Sydney, Sydney Fringe Festival 2014

Cut & Paste, SFF 2014

0 Comments 17 September 2014

Open mic nights can be hit and miss. Their strength – the opportunity for performers to have a captive audience for trying new material – can also be their downfall. Luckily, Cut & Paste, presented by Rock Surfers Theatre Company, is selective of its talent. Co-curators of the bi-monthly event, Phil Spencer and Jimmy Dalton, describe their line-ups as carefully prepared and “glad wrapped”for audience enjoyment. The formula is simple: six acts, ten minutes each, and a raffle. The result is very entertaining, and certainly less messy than something put together with plastic scissors and Clag paste.

It’s Monday night but there is standing room only. Thanks to the boys from The Chaser, the Giant Dwarf has become a hub for quirky, psuedo-intellectual performance with regular showcases like The Chaser’s Empty Vessel and Erotic Fan Fiction.

The performers are a strange smorgasbord of musicians, actors, comedians and poets. The Year 6 prefects of Yarramadoon Public School (grown women in costume) leap on stage in legionnaires hats and high waisted tracksuits to present the history of their convict town. While this act turns out to be a plug for an upcoming great debate event, the audience still laps up the cringe-worthy tales about bogan Target and felon scavenger hunts, and a special mention must go to the inclusion of the beloved recorder accompanying the performance.

‘The 5 Step Guide to Manhood, performed by duo Small Town (James Brown and Matt Prest) cleverly parodies the formula of success seminars. Their physicality is captivating; from explaining how to achieve the exaggerated man stance, to a dramatic practice in the regular release of hysterical man crying, and a musical dedication to their dads, the boys offer accessible humour that challenges the assumptions of modern masculinity.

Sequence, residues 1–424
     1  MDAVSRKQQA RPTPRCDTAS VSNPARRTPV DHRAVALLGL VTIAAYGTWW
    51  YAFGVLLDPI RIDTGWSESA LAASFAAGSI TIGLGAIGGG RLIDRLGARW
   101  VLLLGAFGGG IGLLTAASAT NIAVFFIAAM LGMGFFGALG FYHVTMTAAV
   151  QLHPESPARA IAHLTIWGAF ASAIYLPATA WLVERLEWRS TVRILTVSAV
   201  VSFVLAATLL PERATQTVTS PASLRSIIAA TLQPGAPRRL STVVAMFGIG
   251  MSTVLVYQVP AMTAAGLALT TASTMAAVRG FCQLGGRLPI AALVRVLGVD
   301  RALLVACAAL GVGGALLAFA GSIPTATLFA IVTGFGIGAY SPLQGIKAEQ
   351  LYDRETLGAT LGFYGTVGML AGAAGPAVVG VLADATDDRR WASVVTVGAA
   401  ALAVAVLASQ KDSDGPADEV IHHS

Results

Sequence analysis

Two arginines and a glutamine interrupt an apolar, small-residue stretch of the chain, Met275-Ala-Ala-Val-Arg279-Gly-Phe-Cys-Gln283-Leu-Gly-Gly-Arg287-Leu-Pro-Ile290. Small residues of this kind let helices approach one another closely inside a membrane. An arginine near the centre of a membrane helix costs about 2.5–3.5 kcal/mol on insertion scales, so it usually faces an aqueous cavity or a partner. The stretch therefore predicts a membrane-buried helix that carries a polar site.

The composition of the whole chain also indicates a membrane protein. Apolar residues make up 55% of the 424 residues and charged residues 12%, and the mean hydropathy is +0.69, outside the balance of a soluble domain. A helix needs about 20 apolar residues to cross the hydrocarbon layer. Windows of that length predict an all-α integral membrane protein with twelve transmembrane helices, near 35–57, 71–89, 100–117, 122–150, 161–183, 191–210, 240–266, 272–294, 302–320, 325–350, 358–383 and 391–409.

‘Lovelyperformed by Jackson Davis and Carly Young uses multimedia to pay homage to the late Phillip Seymour Hoffman. A series of shot-for-shot recreations with screen grabs and camera, side by side, of scenes from some of his most recent movies, resurrects the intensity and fervour of the secretive and successful actor. Despite a few technical issues, Davis and Young have potential to be the next act with a dedicated cult following.

In ‘Think Twice, Ivan Cheng masterfully weaves prosaic monologue with punchy physicality to explore pop culture. His performance moves from lyrical interpretations of Celine Dion to double entendres of Sandra Bullock’s Miss Congeniality. His ironic anecdotes and singing amongst smoke machines contrast starkly to the parody of earlier acts creating an aura of mystery and mischief.

The closing act was a gutsy country music performance by Fanny Lumsden and her Double Bassist, Dan Freeman. Their toe-tapping tunes and cheeky melodic duets took us on a ride through the countryside. When requested for an encore they broke into a surprise rendition of Destiny’s Child’s ‘Say My Name’, before finishing with a macabre number about a violent uncle who once shot off his own toe, which highlights the range of hilarious and absorbing performances that characterised the night.

You can’t be sure what you’re going to get at Cut & Paste, but with such a variety, there is sure to be something to get you in stitches, even if it is just the ridiculous raffle prizes and funny fillers

Keep your eye on Rock Surfers Theatre Company to catch the details of the next Cut & Paste.

Reviewed by Eliza Berlage.

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